Nandos achieved a maximum of three stars in the Best Companies Accreditation Award in 2009. Nando's is the only worldwide company to receive three stars in the United Kingdom. The award measures eight significant areas that include well-being, personal growth and leadership. And in 2010 the company entered the Sunday Times Best Companies to work for and came out first, beating other companies such as Goldman Sachs and Price Waterhouse Coopers. The company again received the full three stars, showing not only quality but sustained commitment to the leadership and management development across

the organization. Grant, R M (2002)

Training and development

The National Training Awards (NTAs) have been running for quarter of a century, the awards recognise and celebrate Investors in People accredited organisations that have delivered outstanding organisational benefits by directly linking the training needs of their people to the business needs of their organisation. Nando’s, over the years have achieved awards for five of their in-house training schemes. These are: buddy systems (‘buddies’ are much experienced staff who help train new staff); new restaurants opening training; working in management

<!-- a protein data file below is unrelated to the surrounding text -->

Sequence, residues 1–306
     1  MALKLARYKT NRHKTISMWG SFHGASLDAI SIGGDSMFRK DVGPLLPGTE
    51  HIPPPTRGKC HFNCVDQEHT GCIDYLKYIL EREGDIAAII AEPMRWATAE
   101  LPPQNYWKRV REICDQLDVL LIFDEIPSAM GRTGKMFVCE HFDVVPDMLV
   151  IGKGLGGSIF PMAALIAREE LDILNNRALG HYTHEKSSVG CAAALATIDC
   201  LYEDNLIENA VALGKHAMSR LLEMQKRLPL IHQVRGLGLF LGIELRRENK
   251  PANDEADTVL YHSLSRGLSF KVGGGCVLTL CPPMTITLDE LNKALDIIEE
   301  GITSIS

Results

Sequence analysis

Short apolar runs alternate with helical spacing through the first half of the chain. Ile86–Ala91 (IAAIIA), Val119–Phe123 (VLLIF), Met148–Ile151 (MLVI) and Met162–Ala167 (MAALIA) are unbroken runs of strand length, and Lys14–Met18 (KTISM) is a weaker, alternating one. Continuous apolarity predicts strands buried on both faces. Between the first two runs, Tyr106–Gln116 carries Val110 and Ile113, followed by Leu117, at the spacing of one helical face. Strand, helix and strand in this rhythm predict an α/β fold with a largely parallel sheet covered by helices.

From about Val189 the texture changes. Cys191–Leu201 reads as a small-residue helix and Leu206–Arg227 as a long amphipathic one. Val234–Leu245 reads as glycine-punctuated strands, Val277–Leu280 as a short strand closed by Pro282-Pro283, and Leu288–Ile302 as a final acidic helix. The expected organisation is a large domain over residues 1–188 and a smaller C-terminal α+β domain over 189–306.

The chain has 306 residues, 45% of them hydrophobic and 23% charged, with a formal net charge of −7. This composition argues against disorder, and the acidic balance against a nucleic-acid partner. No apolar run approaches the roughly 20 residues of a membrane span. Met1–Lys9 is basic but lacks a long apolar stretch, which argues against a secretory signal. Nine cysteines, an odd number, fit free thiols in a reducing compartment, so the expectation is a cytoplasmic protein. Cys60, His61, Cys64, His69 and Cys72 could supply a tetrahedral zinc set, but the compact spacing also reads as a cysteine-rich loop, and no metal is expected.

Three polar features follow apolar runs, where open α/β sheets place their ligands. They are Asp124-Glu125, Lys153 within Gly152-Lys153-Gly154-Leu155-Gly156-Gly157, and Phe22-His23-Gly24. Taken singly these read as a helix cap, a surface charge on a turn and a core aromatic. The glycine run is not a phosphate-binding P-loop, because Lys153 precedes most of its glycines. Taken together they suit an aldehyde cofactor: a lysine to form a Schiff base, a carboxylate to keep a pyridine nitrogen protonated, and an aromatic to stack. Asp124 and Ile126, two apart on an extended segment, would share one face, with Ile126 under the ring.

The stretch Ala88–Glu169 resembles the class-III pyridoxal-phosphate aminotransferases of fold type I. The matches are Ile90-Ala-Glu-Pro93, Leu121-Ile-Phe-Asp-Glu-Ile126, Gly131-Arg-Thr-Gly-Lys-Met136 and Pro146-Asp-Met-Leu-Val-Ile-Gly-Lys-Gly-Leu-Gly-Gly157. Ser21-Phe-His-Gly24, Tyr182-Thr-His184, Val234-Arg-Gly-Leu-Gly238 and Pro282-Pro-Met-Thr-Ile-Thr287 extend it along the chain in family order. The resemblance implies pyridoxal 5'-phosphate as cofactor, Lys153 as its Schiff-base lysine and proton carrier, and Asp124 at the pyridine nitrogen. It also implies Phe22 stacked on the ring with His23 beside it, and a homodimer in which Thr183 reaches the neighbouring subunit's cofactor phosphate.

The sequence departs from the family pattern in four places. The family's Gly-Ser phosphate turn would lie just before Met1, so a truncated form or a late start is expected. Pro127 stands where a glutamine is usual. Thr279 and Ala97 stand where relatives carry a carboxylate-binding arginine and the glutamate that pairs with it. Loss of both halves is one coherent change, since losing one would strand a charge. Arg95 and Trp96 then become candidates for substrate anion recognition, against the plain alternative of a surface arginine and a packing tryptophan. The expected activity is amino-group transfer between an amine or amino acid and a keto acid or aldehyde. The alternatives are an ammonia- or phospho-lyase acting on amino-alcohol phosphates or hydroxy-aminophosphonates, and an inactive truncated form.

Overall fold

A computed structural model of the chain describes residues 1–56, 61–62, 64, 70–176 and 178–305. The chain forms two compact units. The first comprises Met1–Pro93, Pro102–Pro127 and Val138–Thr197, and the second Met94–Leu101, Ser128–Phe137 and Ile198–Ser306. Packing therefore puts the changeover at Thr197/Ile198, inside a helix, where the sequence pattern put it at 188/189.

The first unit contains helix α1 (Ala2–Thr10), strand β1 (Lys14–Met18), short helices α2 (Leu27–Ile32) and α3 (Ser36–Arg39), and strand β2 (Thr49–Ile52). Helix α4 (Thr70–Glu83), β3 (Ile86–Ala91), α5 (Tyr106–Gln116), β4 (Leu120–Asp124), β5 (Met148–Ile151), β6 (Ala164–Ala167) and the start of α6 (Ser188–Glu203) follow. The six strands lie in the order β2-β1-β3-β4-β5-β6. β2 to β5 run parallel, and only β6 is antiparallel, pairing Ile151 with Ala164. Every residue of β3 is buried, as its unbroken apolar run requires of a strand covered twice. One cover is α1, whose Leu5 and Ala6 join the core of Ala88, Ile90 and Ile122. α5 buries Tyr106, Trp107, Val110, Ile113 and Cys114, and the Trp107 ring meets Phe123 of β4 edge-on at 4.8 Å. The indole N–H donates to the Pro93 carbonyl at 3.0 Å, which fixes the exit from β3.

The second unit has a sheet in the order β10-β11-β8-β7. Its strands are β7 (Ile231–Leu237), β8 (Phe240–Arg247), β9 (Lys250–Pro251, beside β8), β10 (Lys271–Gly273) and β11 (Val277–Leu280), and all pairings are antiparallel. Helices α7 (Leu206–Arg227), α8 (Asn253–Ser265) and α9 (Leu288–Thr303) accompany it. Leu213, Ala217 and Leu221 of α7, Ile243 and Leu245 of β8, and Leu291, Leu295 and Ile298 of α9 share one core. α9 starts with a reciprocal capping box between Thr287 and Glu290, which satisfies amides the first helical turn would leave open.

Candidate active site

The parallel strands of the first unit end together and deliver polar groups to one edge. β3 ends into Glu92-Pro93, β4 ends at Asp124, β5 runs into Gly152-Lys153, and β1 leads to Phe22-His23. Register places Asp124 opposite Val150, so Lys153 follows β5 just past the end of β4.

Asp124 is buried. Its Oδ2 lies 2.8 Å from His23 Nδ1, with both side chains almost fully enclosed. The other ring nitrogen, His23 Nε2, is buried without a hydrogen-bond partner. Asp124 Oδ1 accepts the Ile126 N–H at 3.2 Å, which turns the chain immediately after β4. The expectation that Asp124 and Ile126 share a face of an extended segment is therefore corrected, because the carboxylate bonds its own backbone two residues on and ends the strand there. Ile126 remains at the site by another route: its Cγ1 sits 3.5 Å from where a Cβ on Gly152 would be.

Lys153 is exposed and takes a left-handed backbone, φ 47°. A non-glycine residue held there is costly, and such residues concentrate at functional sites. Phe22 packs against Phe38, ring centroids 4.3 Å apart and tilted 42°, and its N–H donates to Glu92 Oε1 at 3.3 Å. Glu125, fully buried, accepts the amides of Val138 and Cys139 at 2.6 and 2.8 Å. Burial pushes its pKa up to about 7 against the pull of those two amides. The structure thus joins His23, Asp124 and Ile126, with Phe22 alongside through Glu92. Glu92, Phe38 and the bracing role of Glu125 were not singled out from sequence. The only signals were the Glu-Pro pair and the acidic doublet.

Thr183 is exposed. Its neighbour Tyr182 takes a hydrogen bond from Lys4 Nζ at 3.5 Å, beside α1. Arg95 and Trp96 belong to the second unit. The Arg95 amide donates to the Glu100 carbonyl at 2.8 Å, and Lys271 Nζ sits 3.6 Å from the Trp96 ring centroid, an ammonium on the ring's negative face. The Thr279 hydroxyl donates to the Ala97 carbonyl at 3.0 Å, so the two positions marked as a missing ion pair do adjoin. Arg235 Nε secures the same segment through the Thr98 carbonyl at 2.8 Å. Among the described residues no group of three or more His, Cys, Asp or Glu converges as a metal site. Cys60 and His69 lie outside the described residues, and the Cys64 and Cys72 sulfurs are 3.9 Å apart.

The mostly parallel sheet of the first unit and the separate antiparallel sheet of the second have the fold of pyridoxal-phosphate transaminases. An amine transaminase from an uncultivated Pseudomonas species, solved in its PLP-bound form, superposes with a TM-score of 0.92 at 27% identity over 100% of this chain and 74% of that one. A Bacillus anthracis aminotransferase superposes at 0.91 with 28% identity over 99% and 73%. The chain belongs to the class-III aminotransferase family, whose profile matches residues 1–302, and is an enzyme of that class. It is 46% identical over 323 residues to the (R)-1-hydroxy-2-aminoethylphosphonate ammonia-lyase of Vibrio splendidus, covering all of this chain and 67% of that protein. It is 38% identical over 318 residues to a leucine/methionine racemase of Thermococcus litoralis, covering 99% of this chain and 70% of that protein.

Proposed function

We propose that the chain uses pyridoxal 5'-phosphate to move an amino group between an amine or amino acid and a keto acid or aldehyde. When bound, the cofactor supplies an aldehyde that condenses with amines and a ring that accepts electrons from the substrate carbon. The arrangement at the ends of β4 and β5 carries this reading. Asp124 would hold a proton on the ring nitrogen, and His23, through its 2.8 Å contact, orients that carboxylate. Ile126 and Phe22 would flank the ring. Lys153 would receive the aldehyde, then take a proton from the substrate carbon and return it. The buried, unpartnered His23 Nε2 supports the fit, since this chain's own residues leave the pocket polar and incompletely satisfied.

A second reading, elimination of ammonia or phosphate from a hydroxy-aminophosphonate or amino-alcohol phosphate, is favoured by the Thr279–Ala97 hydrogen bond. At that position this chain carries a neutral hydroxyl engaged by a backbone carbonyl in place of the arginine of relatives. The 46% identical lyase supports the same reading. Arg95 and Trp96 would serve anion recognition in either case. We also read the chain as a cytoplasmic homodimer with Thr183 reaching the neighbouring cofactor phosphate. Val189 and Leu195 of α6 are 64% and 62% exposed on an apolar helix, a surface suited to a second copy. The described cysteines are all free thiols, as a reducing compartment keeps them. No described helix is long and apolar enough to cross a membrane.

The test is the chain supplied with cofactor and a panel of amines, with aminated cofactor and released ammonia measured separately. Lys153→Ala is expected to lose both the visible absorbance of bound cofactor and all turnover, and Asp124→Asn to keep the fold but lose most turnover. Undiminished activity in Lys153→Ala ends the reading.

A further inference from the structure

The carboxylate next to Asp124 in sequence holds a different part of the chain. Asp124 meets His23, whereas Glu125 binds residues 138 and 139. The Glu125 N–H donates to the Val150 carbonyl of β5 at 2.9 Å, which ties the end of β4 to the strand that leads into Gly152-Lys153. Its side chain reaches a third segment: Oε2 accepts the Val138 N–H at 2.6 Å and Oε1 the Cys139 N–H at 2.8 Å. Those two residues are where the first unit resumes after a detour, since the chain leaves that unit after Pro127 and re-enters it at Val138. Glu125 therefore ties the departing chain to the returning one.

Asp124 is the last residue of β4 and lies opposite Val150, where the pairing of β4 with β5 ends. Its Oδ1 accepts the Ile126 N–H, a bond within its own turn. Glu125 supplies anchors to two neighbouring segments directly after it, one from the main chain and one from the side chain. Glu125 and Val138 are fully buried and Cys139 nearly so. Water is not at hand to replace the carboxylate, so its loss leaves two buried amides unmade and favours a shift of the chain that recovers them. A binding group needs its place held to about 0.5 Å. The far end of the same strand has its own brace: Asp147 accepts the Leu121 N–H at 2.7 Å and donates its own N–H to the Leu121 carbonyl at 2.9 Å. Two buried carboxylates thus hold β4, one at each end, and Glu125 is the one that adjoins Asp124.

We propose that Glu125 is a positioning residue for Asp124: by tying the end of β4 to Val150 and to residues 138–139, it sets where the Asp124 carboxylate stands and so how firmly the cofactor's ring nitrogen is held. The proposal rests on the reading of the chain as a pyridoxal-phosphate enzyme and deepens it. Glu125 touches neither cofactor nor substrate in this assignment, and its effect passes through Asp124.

teams (team building); Nando’s inductions; and coaching programmes. In addition,

Nando’s was first recognized as an Investor in People in 1998. They are now celebrating ten years

of recognition. White, C (2004)

So, what is behind the outstanding set of achievements? According to Nando’s human resources director Julia Claydon, ‘It’s not just one thing; it’s a whole mix of different things.’ At the heart of the business is a unique

culture and a set of fundamental values and ways of doing things. Pride, passion, courage, integrity,

and family are the five values that drive behaviours and decision making in the company. ‘Fun,

friendly, and different,’ is the way one employee described the feeling of working at Nando’s and

the sense of belonging that is found within the company or ‘family’ as it is described. ‘I wanted to

be part of a success story and be with a family of like-minded people.’ They even use different

words, tone of voice, and language in everyday life at Nando’s. The board of directors are referred

to as ‘the Full Monty’, restaurant managers are called ‘Patrao’ (‘head of the family’ in Portuguese),